Robert R. Magliola, Phenomenology and Literature (1977), deals with various
types of phenomenological poetics and criticism in the context of an exposition
of Husserl, Heidegger, and other phenomenological philosophers.
Brief introductions to the Geneva School of criticism are Georges Poulet,
"Phenomenology of Reading," New Literary History 1 (1969-70), and J. Hillis
Miller, "The Geneva School. . . , " in Modern French Criticism, ed. J. K. Simon
(1972). In "Geneva or Paris? The Recent Work of Georges Poulet," University of
Toronto Quarterly 39 (1970), Miller indicates his own transition from the criticism
of consciousness to the very different critical mode of deconstruction. A
detailed study of the Geneva School is Sarah Lawall's Critics of Consciousness:
The Existential Structures of Literature (1968); see also Michael Murray, Modern
Critical Theory: A Phenomenological Introduction (1976). Among the writings Geneva critics and other critics of consciousness available in English are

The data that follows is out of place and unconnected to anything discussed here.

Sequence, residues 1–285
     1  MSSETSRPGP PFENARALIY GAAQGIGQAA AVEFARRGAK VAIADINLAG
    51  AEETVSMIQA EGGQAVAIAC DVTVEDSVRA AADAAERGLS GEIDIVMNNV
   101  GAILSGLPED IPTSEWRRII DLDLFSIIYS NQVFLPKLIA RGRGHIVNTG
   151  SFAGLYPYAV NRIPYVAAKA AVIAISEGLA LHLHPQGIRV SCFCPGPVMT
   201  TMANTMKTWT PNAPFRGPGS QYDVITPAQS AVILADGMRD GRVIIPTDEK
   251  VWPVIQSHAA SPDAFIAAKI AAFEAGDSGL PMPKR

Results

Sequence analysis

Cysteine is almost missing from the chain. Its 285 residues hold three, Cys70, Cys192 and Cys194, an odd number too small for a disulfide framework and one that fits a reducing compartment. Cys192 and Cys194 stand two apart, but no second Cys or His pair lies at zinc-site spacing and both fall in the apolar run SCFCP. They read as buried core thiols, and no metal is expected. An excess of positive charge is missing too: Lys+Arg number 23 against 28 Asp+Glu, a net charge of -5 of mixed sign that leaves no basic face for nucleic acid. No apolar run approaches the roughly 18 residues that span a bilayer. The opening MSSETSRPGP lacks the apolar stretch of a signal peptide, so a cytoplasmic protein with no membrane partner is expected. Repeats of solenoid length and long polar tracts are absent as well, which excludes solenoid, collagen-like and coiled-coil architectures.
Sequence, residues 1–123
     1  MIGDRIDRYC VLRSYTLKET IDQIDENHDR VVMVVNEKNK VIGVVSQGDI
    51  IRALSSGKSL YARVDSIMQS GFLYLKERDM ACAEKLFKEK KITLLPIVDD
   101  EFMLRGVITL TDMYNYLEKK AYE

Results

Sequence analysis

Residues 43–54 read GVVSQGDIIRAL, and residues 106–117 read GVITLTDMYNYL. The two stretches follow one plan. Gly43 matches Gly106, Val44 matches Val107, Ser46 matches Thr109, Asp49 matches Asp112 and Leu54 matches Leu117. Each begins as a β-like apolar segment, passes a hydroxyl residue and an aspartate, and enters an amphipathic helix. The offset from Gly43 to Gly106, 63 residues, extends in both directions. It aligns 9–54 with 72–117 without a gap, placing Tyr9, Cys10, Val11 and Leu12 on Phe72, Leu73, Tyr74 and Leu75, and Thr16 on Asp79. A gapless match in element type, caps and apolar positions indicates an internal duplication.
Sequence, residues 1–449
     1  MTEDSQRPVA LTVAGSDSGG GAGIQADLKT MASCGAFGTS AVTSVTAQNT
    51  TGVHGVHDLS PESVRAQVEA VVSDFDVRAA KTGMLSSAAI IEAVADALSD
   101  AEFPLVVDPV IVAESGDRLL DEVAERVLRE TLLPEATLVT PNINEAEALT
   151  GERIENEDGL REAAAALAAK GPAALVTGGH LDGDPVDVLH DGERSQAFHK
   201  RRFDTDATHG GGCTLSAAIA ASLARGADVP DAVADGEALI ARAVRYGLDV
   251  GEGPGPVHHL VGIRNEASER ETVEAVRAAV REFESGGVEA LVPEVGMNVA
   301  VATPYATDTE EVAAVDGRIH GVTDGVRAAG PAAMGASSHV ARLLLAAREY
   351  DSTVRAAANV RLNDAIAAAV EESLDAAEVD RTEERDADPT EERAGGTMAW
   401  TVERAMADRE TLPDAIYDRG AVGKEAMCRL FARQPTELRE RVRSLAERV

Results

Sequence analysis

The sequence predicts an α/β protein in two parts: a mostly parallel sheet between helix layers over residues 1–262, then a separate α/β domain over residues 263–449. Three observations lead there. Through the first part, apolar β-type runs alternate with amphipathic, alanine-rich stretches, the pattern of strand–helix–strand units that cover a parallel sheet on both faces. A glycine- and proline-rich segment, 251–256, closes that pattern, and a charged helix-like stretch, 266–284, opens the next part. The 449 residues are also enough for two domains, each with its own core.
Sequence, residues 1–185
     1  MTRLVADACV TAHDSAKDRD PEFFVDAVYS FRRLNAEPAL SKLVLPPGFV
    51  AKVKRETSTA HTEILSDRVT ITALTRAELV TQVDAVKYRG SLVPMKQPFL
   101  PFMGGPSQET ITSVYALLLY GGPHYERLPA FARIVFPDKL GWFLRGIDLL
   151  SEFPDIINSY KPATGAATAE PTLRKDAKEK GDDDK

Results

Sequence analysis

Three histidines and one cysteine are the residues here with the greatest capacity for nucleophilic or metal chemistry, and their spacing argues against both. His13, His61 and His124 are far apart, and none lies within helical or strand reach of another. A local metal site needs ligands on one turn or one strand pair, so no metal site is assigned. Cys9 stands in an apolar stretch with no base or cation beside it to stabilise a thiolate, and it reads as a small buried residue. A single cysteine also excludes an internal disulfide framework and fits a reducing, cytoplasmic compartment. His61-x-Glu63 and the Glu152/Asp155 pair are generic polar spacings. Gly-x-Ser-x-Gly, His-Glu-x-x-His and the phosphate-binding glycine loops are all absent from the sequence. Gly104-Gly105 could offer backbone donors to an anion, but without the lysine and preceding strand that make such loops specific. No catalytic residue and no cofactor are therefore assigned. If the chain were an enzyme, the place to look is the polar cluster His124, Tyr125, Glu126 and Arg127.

Georges Poulet, Studies in Human Time (1949), The Interior Distance (1952), The Metamorphoses of the Circle (1961); Jean Starobinski, The Invention of Liberty,
1700-1789 (1964); Gaston Bachelard, Subversive Humanist: Texts and Reading,
ed. Mary M. Jones (1991); J. Hillis Miller, Charles Dickens: The World of Novels (1959), The Disappearance of God (1963), and Poets of Reality (1965).
Other critical works influenced by phenomenology are Paul Brodtkorb, Ishmael's
White World: A Phenomenological Reading of Moby Dick (1965); David
Halliburton, Edgar Allan Poe: A Phenomenological View (1973); and Bruce Johnson,
True Conespondence: A Phenomenology of Thomas Hardy's Novels